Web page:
I recently attended my first conference and had to genuinely put myself out there and network for the first time. I was dreading it. Despite the fact that I’m a very social person, I was so nervous that my normally frozen hands were clammy and sweaty. Through my excitement to learn at the conference, I was dreading the “So what do you do?” conversations.
Networking is a scary part of the professional world. When you’re just starting out in your career, it can seem like the most miserable thing to attend events and speak to strangers about your work. It isn’t as bad as we all make it out to be though. Yes, there’s pressure to impress and make strong connections, but at the end of the day, everything will work out—just keep these eight things in mind.
1. Everyone’s Nervous
It’s natural to feel nervous when meeting strangers and striking up conversations. When you feel like you’re too nervous or anxious to survive, just remember that each person feels nervous on some level. Even networking veterans can feel a little nervous to meet new people.
2. They’re All Just People
This is one of the most important things to keep in mind when networking. Yes, you want to impress other people in your field, but even the most experienced person is just a person at their core. CEO’s are people too—they have dreams and fears just like you do. These people aren’t gods. Remind yourself of that each time you’re overwhelmed or insecure about your career. We all have to start somewhere.
3. It’s Perfectly Fine if You’re a Little Awkward
You’re new to networking, so you can cut yourself some slack. It takes practice to become comfortable speaking to strangers about your career. If you stumble through the conversation at some point, just laugh it off, and don’t worry about it—and when all else fails, ask them about their career (because who doesn’t love talking about themselves?).
You’ll improve with each conversation and networking opportunity. I promise your career won’t implode if you embarrass yourself a little bit.
4. Be Yourself
Don’t worry about portraying a persona that doesn’t truly fit you. You should absolutely be professional, but you shouldn’t expend energy trying to be a career person you’re not. You’ll appear fake to anyone you speak to, and you can’t build a reliable network from that kind of slippery foundation.
5. You Don’t Have (or Need) to Meet Everyone
If you’re at an event, it’s natural to feel like you need to meet each person present and form working relationships with them. In reality, that’s not necessary (or really even possible). First of all, networking takes more time than a quick handshake. You’ll be placing unnecessary stress on yourself by trying to meet each person.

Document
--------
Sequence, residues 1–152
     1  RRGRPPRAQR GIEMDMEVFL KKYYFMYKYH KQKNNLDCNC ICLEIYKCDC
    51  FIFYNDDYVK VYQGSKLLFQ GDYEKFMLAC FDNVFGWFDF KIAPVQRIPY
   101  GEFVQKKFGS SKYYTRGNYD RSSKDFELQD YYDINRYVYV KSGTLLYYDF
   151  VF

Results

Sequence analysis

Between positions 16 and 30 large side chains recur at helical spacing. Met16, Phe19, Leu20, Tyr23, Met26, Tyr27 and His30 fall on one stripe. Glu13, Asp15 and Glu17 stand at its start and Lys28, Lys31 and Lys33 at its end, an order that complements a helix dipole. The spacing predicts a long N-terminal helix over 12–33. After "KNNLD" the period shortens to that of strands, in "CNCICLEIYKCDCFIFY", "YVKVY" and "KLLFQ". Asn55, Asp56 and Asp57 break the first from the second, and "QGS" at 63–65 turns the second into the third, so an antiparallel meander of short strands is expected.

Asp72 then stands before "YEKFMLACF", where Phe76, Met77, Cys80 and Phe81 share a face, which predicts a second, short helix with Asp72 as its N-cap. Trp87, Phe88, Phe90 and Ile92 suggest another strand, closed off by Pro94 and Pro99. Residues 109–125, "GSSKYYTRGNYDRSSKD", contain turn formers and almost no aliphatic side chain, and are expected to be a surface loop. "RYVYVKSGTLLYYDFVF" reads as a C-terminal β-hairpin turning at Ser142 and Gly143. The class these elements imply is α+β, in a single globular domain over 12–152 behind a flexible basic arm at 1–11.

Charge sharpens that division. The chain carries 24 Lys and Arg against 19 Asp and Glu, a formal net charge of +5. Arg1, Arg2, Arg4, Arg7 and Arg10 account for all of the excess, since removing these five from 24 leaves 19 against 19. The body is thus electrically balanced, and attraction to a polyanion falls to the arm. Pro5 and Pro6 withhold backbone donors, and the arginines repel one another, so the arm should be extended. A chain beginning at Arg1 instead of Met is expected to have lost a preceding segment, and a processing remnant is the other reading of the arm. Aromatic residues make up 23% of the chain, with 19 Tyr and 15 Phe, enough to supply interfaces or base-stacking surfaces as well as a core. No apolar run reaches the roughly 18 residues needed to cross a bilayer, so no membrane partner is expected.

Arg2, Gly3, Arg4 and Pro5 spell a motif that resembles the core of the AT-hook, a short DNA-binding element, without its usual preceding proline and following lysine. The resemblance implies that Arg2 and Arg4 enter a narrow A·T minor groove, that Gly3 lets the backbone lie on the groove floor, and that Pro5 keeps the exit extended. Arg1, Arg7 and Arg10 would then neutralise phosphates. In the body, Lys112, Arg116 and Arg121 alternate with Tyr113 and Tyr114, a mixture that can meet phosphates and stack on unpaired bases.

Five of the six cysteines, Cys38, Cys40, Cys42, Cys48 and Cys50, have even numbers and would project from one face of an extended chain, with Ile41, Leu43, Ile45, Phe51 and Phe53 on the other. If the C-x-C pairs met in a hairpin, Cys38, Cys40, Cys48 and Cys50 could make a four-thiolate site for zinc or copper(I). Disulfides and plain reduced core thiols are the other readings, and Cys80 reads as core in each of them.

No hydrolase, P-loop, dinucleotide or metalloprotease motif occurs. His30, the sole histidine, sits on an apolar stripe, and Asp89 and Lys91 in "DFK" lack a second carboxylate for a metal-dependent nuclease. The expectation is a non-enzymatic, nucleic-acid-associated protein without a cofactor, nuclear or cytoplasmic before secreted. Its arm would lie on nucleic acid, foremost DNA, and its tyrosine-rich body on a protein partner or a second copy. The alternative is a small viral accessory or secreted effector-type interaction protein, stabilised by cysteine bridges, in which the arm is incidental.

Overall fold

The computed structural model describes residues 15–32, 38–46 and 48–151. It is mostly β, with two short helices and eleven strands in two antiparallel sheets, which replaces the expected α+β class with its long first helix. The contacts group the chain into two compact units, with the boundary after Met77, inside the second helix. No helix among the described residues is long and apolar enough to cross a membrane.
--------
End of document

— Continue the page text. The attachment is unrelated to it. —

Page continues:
Instead, aim to meet a more reasonable number and to have full, in-depth conversations with around five people (although this number will vary depending on whether you’re at a weekend-long conference or an hour-long event). You stand a better chance of building a strong, enduring network this way.
6. Leave a Good Impression
You can’t actually leave a strong impression if you spend less than five minutes speaking to someone. Take the time to lead a real conversation over your work and their work so you’ll both have a good idea about whether or not a working relationship will be mutually beneficial.
7. Prepare Yourself
It’s inevitable that you’ll be asked what you do, where you work, and what your career goals are. Before heading out in your best blazer, run through a mock conversation in the mirror. It seems silly, but it’ll help to hear yourself answer those questions out loud. Explain your career to yourself. This will give you the opportunity to really hear your words and reduce your chance of freezing in an actual conversation. Remember that it’s okay (and actually good) if your answers vary each time—you don’t want to sound too rehearsed.
You also should plan out your outfit ahead of time. This way you won’t have a wardrobe crisis right before and end up being unnecessarily stressed out. The day before, lay out an outfit that’s professional and makes you feel confident and capable. There’s no shame in having a power outfit.
8. Don’t Psych Yourself Out
Go over your answers a few times, and then stop yourself before you begin to obsess. There is such a thing as over-preparing. Don’t obsess or try to have an answer memorized. The last thing you want is to sound like a robot each time you speak to someone. Balance out your prep time with some fun and relaxing activities—because networking really isn’t the be-all or end-all that we make it out to be.
Remember that you rock and no one has a right to judge you anyway.
As long as you keep life in perspective and do your best, you’ll make it through your first few networking opportunities. It’ll become easier as you go through life, so there’s no reason to stress yourself out over it in the early stages. Trust yourself—you’ve got this!